But I suspect the occasional non-responsiveness to touch has to do with applying a force that’s too light. Honestly, I’d not say that’s such a huge issue.
For all three products, the control panel contains the exact same features. Let’s look at these features.
Auto Shutoff Timer
All three Honeywells come equipped with this useful feature. The shutoff timer lets you choose one of three timings (2, 4, or 8 hours) so your purifier automatically shuts off while you’re away.
Dimmer: Perfect for Night Use
Each of the three devices allows you to brighten the lights at night or dim them a bit as you like. The feature also lets you turn the lights off. Thankfully, the dimmer doesn’t shut down the purifier.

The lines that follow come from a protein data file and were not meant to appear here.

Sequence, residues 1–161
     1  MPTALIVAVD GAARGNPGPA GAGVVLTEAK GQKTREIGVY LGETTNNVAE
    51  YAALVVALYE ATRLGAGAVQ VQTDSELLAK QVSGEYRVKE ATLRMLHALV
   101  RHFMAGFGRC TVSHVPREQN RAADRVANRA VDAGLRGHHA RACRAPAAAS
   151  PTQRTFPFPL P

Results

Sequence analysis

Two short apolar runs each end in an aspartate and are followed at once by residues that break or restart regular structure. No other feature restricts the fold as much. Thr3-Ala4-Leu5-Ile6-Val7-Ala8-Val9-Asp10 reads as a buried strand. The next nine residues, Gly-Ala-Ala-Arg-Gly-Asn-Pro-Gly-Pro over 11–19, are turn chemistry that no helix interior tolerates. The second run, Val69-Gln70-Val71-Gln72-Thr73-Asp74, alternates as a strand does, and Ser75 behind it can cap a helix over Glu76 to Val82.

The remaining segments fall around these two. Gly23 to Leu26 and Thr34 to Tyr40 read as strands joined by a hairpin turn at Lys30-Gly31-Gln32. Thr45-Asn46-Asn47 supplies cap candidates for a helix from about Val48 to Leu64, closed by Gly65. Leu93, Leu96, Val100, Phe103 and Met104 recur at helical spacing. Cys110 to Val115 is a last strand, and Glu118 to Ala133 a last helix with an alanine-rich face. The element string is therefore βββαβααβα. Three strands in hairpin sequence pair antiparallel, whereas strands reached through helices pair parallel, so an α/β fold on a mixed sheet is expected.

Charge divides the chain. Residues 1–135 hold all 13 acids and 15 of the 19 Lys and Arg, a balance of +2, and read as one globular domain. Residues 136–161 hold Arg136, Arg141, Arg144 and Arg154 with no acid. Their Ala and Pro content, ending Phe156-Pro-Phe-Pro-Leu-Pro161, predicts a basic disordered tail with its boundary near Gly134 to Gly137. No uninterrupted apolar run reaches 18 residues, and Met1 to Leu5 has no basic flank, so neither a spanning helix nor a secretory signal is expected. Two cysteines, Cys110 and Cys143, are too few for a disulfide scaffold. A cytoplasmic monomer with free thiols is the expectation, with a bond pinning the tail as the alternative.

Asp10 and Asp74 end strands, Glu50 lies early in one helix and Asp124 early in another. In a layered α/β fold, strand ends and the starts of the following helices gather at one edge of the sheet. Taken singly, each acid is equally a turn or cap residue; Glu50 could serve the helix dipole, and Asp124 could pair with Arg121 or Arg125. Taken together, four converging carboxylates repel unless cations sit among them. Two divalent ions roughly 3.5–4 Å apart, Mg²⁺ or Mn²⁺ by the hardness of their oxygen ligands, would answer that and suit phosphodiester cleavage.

Each of the three air purifiers notifies you regarding when you should replace the filters. There are two filter-change reminder buttons. One reminds you to replace the prefilter. Typically, the prefilter gets replaced every 3 months. And you should do the same if you want maximum effectiveness. The other indicator reminds you to change the True HEPA filter(s).
Oh, and you can’t wash the prefilter, nor the HEPA filters. You can focus the hose of your vacuum cleaner on the prefilter once in a while, though.
The recommended replacement prefilter for HPA100, HPA200, and HPA300 is Type A HRF-AP1.
Concerning replacement filters, the HPA300 uses 3 Honeywell Type R True HEPA Replacement Filters. Each pack contains 3 filters. The HPA200 uses VEVA Precut for HPA200 Premium Carbon Activated Pre Filters (6 Pack). And the HPA100 uses Honeywell Type R HEPA Allergen Filter HRF-R1 (Single Pack).
Each Honeywell runs at one of four fan speeds at any given time. The four fan speeds are Germ, Allergen, General Clean, and Turbo.